However, the changes we make in our lifestyle can have short- and long-term effects on our health and fitness, even if they don't necessarily cause immediate evolutionary changes in our genome, and we’ll take that, right?
So what are these health benefits of good body composition?
A healthy body composition that has a balanced proportion is not only aesthetically pleasing, but also brings numerous health benefits.
In this chapter, we will take a closer look at the positive effects of a healthy body composition on our health.
A healthy body composition that has a lower body fat percentage and adequate muscle mass supports metabolic health. 
Muscle tissue burns more calories than fat tissue, which helps regulate your body weight and reduces the risk of metabolic disorders like diabetes.
A healthy body composition can reduce the risk of cardiovascular disease. Lower body fat and better muscle mass are associated with lower blood pressure, healthy cholesterol levels, and reduced risk of heart disease. 
Adequate bone mass and density in body composition are important in reducing the risk of osteoporosis, especially as we age. Strong bones are less prone to fractures and breaks. 
A healthy body composition promotes immune system health. A balanced body fat percentage can reduce inflammation in the body, which strengthens your immune system and reduces your risk of infections. 
Proper body composition with adequate muscle mass can increase your physical performance.
Muscle strength and endurance support mobility, everyday functionality, and the ability to engage in athletic activities. 
A healthy body composition can also have a positive impact on your psychological well-being. In fact, better physical health and positive self-perception can boost your self-esteem and increase your overall well-being and mental health.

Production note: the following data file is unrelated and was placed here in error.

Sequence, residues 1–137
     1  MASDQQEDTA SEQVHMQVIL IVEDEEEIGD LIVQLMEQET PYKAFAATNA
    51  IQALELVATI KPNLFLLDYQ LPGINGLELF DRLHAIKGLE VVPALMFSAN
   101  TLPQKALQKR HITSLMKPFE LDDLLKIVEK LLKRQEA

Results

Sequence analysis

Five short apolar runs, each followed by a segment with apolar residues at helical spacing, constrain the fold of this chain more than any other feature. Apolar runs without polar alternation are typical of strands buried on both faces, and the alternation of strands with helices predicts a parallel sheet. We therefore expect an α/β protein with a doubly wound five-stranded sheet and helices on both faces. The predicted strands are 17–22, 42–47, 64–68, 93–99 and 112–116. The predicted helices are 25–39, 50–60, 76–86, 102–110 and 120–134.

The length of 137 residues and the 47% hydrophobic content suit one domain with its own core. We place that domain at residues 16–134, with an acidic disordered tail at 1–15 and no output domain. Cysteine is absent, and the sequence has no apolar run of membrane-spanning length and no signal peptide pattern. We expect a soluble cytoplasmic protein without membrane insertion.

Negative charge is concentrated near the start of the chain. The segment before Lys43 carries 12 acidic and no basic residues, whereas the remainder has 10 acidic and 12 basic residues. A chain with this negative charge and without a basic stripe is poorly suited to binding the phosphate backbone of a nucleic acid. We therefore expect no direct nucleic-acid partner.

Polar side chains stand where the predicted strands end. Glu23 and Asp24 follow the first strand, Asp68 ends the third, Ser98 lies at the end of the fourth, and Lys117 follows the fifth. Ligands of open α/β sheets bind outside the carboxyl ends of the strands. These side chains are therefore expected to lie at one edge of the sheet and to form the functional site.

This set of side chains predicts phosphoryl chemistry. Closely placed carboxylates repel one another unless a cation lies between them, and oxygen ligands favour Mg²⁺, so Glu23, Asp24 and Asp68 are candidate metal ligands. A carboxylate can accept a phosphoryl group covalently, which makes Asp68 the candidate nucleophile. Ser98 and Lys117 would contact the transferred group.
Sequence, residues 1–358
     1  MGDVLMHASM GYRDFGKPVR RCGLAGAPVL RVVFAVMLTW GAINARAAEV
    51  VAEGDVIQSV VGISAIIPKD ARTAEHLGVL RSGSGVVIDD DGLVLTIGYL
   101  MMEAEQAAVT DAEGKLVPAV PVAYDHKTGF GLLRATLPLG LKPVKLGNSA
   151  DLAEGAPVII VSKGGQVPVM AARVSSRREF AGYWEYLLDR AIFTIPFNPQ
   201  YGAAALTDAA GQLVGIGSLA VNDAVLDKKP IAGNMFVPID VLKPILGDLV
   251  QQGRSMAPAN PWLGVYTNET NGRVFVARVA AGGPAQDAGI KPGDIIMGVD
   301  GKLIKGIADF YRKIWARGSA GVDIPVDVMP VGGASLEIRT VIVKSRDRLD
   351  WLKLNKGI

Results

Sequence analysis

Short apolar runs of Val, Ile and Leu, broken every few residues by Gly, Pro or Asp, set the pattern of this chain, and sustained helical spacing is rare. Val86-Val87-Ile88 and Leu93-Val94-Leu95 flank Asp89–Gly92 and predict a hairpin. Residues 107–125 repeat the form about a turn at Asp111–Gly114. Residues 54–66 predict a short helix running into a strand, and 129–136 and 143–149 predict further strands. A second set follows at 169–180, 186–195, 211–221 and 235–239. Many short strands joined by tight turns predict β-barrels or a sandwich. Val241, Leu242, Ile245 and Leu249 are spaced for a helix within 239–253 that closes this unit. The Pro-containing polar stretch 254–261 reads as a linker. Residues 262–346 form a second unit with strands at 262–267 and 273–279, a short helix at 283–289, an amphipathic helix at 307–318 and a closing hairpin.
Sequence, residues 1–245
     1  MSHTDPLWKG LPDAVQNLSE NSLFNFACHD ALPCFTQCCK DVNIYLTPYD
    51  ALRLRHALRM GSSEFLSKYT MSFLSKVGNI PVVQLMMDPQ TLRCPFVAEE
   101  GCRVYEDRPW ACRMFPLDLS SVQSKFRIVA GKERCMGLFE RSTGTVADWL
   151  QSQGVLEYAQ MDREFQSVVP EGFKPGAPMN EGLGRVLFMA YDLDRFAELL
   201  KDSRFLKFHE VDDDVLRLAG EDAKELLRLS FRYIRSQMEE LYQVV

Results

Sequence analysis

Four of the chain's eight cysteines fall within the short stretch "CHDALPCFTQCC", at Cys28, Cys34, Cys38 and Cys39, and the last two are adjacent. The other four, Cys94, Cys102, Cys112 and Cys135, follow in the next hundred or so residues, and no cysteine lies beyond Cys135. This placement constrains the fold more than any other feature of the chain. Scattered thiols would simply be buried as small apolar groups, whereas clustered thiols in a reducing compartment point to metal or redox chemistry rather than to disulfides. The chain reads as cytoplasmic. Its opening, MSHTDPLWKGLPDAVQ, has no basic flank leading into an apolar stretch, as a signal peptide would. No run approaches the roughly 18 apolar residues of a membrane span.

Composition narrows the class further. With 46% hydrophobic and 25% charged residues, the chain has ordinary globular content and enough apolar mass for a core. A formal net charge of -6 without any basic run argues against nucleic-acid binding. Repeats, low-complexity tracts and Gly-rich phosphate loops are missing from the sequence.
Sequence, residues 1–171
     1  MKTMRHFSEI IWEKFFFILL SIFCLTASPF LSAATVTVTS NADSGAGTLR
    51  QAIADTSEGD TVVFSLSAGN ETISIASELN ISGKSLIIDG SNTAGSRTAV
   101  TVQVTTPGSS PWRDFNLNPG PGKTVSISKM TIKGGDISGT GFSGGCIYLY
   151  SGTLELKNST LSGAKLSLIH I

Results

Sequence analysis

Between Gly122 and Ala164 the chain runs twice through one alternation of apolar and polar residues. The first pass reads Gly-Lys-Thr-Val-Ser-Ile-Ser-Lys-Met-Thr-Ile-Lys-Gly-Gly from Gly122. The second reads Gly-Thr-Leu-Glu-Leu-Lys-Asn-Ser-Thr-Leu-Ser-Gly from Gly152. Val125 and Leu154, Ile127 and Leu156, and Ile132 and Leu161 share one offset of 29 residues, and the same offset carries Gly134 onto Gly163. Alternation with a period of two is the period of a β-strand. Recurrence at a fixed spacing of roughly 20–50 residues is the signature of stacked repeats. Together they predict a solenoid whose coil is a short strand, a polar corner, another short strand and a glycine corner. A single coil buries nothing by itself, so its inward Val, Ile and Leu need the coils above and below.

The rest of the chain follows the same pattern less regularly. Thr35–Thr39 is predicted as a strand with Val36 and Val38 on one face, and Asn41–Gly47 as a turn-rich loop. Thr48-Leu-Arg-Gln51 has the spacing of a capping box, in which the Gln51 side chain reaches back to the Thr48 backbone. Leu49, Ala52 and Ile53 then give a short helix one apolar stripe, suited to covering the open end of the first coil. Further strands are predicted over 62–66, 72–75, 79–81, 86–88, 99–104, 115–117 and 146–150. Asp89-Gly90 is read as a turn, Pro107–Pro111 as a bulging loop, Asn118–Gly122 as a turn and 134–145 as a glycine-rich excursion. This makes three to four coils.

Proper body composition helps prevent overweight and obesity. Excess body fat is a major contributor to health problems and lifestyle-diseases, which is why maintaining a healthy body fat percentage is critical. 
The health benefits of optimal body composition are compelling. So, how can you measure your body composition?
There are several methods to measure body composition, from simple methods to cutting-edge technology.
The Inbody scale is the method of choice nowadays, as it is one of the most advanced and accurate methods of measuring body composition in a simple and straightforward manner. At CARE, we also use the Inbody scale, or BIA for short, to accurately determine your body composition.
Consequently, we will introduce you to the Inbody scale and other body composition measurement methods in a little more detail:
Bioelectrical impedance analysis (BIA) is an advanced method of measuring body composition based on the electrical properties of tissues in the body. It is non-invasive and easy to perform. The basic principle of BIA is that different types of tissues in the body, such as muscle tissue, adipose tissue, and water, have different electrical conductivities. 
The InBody scale is a popular and accurate device that uses BIA technology to perform a detailed analysis of body composition. The device sends weak electrical pulses through the body and measures the resistance the pulses experience, depending on the composition of the tissues in the body. 
Using this data, the InBody scale can provide information on various body composition parameters, including:
Body fat percentage: the InBody scale can accurately determine the percentage of body fat in relation to total weight.
Muscle mass: an InBody scale measures the muscle mass in your different body segments, which provides information about the muscle distribution in your body.
Fat Mass: The scale can determine the total fat mass and the distribution of fat tissue.
Water Percentage: The water distribution in your body is analyzed, including intracellular and extracellular water.